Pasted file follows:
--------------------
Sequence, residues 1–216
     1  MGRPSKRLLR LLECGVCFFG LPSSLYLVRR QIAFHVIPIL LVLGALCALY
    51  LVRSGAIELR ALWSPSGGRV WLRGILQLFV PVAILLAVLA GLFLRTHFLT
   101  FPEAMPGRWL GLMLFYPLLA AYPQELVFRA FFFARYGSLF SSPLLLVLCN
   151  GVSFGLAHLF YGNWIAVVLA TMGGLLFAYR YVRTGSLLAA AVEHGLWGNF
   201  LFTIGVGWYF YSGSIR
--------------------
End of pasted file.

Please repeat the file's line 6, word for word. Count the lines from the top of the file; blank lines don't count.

   201  LFTIGVGWYF YSGSIR